Nlp in Legal Tech

An understanding of how a court is likely to decide can help lawyers better adjust their arguments to support or combat the prediction. This happens all the time when you try to appeal to the median Supreme Court justice, who is likely to be the deciding voter. Lawyers can do this job even with the Supreme Court, where the law is relatively small for a particular judge on a particular topic and AI support isn`t always needed. But this is not always the case. For example, if you`re going to a lower court in New York, where a judge can make thousands of decisions, the use of technology helps streamline and quickly identify relevant cases for analysis. NLP is a subset of AI that processes natural human language, whether in text or voice. Some of the most well-known examples include Google`s predictive search suggestions, spell checkers, and speech recognition. NLP is a promising industry that is expected to be worth $27.6 billion by 2026 and has a significant impact on the legal sector. A study by the National Legal Research Group, Inc. found that AI tools allowed experienced legal researchers to complete their searches 24.5% faster than traditional legal research, saving between 132 and 210 hours per year. These extra hours can be spent designing, reviewing, and managing cases at a higher level, tasks that computers can`t do. There is a blurred line between document automation systems and legal aid applications, so I will look at the two categories together.

Law has language at its core, so it`s no surprise that software that works with natural language has long played a role in some areas of the legal profession. But in recent years, interest in applying modern techniques to a wider range of problems has grown, so this article explores how natural language processing is used in the legal sector today. The most publicly visible legal advisor is DoNotPay, an interactive tool that was originally intended to help the public appeal parking tickets. The scope has expanded considerably since then; At the time of writing, the DoNotPay app supports 14 different use cases, including fighting unfair bank fees, credit card and overdraft fees, refunds from Uber and Lyft if a driver makes a wrong turn, and requesting a refund for late package deliveries. NLP has already penetrated the legal field, let it really be enough for the job. The most common application for NLP in law is document review and management, where AI algorithms analyze and highlight relevant information. Of course, the Big Four quickly developed their own „AI-powered” solutions. In July 2018, LexisNexis launched Lexis Analytics, a legal research tool that includes the acquisition of machine learning and NLP startup Ravel Law, among others.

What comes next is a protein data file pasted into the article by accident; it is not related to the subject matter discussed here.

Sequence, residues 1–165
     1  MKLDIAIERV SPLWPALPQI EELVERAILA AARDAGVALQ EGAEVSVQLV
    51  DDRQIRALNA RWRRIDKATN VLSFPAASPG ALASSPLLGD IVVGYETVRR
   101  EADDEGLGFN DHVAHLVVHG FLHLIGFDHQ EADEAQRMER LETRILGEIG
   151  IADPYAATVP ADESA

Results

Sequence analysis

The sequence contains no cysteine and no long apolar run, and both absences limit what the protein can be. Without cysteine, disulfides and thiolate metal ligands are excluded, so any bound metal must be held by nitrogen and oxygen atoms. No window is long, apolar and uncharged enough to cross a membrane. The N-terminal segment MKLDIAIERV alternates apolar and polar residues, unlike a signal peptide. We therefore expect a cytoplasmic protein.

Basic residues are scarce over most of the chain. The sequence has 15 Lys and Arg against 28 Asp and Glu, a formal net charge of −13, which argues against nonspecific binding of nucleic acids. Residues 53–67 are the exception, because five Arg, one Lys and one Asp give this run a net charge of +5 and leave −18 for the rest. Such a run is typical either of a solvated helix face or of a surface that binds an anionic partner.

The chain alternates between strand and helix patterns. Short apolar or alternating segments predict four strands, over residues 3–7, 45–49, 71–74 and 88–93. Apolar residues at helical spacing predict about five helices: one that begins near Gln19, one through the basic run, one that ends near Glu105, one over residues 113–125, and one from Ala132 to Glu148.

Around the same time, Thomson Reuters launched WestSearch Plus, a new search engine that claims to use cutting-edge AI. LexCheck uses natural language processing to perform legal document checks that ensure stricter and less ambiguous contracts. To see how it works, request a demo or contact us by email at sales@lexcheck.com. Every aspiring lawyer has learned to search online databases. These legal research skills need to be taught because they are not intuitive. Let us refer to the above example of a non-competition clause. Suppose a lawyer has to determine how long a non-competition clause can last before a court finds the clause too restrictive. According to traditional search methods, they should create a search query such as „non-competitive (restrictive or illegal)/s long(s)”. This search may or may not return full results. For example, if a court finds that the non-compete obligation was „onerous” and not „restrictive”, that case would not be included in the search results.